Another thing you can do is clamp the voice count in Unity’s Audio Settings. To do this, you can call AudioSettings.GetConfiguration, which returns a structure containing two values of interest: the virtual voice count, and the real voice count.
Reducing the number of Virtual Voices will reduce the number of Audio Sources which FMOD will examine when determining which Audio Sources to actually play back. Reducing the Real Voice count will reduce the number of Audio Sources which FMOD actually mixes together to produce your game’s audio.
To change the number of Virtual or Real voices that FMOD uses, you should change the appropriate values in the AudioConfiguration structure returned by AudioSettings.GetConfiguration, then reset the Audio system with the new configuration by passing the AudioConfiguration structure as a parameter to AudioSettings.Reset. Note that this interrupts audio playback, so it’s recommended to do this when players won’t notice the change, like during a loading screen or at startup time.
There are two different systems that can be used to play animations in Unity: the Animator system and the Animation system.
By "Animator system" we mean the system involving the Animator component, which is attached to GameObjects in order to animate them, and the AnimatorController asset, which is referenced by one or more Animators. This system was historically called Mecanim, and is very feature-rich.
In an Animator Controller, you define states. These states can be either an Animation Clip or Blend Tree. States can be organized into Layers. Each frame, the active state on each Layer is evaluated, and the results from each Layer are blended together and applied to the animated model. When transitioning between two states, both states are evaluated.
The other system is one we call the “Animation system.” It is represented by the Animation component, and it is very simple. Each frame, each active Animation component linearly iterates through all the curves in its attached Animation Clip, evaluates those curves, and applies the results.
The difference between these two systems is not just features, but also underlying implementation details.
The Animator system is heavily multithreaded. Its performance changes dramatically across different CPUs with different numbers of cores. In general, it scales less-than-linearly as the number of curves in its Animation Clips increase. Therefore, it performs very well when evaluating complex animations with a large number of curves. However, it has a fairly high overhead cost.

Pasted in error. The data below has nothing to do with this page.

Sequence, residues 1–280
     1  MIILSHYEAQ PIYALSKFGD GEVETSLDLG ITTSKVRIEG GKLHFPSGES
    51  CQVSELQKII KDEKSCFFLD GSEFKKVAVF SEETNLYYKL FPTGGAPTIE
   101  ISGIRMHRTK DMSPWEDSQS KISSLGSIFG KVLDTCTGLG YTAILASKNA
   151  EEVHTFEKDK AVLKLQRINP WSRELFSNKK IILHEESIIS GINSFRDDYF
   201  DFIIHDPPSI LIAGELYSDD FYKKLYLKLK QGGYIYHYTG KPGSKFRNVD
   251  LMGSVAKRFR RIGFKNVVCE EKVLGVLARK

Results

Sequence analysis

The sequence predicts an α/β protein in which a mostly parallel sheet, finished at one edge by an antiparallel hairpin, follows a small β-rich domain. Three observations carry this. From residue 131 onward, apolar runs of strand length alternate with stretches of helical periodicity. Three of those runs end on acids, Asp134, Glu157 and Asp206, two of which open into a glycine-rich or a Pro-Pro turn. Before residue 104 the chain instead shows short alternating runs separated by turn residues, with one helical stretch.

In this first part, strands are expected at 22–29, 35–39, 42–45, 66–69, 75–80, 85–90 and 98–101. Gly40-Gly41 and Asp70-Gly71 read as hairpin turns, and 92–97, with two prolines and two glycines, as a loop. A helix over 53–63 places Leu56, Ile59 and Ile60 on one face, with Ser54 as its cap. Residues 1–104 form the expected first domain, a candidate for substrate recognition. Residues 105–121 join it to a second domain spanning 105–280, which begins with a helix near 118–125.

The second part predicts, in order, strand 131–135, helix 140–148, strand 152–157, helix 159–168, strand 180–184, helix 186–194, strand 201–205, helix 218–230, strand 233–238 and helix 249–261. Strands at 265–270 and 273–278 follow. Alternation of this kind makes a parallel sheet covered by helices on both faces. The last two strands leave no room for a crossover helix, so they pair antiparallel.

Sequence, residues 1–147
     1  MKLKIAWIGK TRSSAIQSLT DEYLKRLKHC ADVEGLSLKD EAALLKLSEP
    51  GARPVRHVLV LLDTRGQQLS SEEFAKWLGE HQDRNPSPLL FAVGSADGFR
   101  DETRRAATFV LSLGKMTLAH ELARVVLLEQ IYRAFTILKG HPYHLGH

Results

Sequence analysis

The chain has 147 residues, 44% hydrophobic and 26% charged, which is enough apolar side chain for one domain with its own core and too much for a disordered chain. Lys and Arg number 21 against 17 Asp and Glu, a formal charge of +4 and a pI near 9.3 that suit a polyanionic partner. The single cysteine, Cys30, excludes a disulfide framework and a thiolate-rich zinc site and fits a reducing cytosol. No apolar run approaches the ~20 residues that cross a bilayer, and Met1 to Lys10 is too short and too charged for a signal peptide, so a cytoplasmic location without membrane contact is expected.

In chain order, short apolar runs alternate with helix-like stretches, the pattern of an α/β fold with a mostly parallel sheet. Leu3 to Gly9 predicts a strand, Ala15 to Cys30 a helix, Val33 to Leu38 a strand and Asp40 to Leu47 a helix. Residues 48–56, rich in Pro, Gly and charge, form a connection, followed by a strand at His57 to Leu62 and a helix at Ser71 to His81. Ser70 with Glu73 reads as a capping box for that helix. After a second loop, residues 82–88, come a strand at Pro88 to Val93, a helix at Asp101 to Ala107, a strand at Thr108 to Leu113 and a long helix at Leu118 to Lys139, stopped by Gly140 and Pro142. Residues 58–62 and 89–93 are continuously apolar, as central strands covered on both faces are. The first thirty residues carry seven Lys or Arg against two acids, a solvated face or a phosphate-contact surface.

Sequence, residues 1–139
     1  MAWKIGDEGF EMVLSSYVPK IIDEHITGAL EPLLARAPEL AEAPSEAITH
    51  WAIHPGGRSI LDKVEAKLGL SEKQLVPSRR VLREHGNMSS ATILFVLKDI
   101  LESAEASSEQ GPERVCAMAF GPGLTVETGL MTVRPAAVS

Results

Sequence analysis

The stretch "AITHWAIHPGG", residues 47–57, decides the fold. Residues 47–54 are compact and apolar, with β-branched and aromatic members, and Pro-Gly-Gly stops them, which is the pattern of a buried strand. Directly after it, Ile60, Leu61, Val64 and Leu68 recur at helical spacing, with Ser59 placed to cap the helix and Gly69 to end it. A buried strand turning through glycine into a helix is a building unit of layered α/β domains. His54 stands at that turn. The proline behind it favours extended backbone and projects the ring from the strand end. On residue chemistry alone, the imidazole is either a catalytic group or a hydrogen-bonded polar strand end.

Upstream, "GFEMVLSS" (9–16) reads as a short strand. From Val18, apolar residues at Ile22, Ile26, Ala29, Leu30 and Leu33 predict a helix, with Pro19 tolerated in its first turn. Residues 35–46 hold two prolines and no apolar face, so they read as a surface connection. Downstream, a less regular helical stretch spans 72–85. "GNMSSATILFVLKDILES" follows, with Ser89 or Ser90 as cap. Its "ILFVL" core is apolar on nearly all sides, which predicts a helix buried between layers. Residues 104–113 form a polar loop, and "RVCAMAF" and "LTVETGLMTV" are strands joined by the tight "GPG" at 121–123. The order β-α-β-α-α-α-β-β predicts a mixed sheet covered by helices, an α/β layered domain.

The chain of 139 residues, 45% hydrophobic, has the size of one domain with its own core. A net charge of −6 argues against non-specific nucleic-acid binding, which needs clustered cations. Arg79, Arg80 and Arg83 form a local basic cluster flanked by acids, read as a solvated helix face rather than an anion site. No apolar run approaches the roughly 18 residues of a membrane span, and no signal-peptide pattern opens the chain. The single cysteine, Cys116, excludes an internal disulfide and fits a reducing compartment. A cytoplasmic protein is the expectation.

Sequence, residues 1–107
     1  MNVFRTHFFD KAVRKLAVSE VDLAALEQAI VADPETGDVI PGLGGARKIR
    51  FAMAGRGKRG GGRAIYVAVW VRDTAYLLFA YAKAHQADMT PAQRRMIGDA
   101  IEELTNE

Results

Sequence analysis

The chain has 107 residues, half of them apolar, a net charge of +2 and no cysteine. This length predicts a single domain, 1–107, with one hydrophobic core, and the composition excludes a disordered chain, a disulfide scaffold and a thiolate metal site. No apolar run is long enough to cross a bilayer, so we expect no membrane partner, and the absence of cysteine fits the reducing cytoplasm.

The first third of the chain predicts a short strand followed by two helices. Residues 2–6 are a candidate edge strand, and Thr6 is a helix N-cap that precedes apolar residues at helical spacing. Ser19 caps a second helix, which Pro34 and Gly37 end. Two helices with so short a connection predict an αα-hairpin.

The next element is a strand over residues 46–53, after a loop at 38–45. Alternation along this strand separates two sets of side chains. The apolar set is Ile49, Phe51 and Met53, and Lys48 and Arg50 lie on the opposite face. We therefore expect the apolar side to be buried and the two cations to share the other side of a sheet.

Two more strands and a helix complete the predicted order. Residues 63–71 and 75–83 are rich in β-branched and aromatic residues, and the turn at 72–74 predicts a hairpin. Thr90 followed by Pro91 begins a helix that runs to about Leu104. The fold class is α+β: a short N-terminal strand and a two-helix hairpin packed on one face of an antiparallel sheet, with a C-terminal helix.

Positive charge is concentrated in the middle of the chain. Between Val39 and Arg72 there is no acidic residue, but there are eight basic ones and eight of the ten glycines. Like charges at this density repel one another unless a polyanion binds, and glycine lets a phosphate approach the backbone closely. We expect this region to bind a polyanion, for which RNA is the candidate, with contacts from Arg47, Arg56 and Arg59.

The Animation system, being simple, has almost no overhead. Its performance scales linearly with the number of curves in the Animation Clips being played.
This difference is most striking when the two systems are compared when playing back identical Animation Clips.
When playing back Animation Clips, try to choose the system that best suits the complexity of your content and the hardware on which your game will be running.
Another common problem is the overuse of Layers in Animator Controllers. When an Animator is running, it will evaluate all of the Layers in its Animator Controller every frame. This includes Layers whose Layer Weight is set to zero, meaning it makes no visible contribution to the final animation results.
Each additional Layer will add additional computation to each Animator Controller each frame. So, in general, try to use Layers sparingly. If you have debug, demo or cinematic Layers in an Animator Controller, try to refactor them. Merge them into existing Layers, or eliminate them before shipping your game.
Generic vs humanoid rig
By default, Unity imports animated models with the Generic rig, but it’s common for developers to switch to the Humanoid rig when they’re animating a character. However, this isn’t free.
The Humanoid rig adds two additional features to the Animator System: inverse kinematics and animation retargeting. Animation retargeting is great, allowing you to re-use animations across different avatars.
However, even if you’re not using IK or Animation Retargeting, a Humanoid-rigged character’s Animator will still compute IK and Retargeting data each frame. This consumes about 30-50% more CPU time than the Generic rig, which does not do these calculations.
If you're not using the Humanoid rig’s features, you should be using the Generic rig.
Object Pooling is a key strategy for avoiding performance spikes during gameplay. However, Animators have historically been difficult to use with Object Pooling. Whenever an Animator’s GameObject is enabled, it must rebuild buffers of intermediate data for use when evaluating the Animator’s Animator Controller. This is called an Animator Rebind, and shows up in the Unity Profiler as Animator.Rebind.
Prior to Unity 2018, the only workaround was disabling the Animator Component, not the GameObject. This had side effects: if you had any MonoBehaviors, Mesh Colliders, or Mesh Renderers on your character, you wanted to disable those as well. That way, you could save all the CPU time that was being used by your character. But this adds complexity to your code and is easy to break.
With Unity 2018.1, we introduced the Animator.KeepControllerStateOnEnable API. This property defaults to false, meaning the Animator will behave the same way it always has – deallocating its intermediate data buffers when it is disabled and re-allocating them when it is enabled.
However, if you set this property to true, Animators will retain their buffers while they’re disabled. This means there will be no Animator.Rebind when that Animator is re-enabled. Animators can finally be pooled!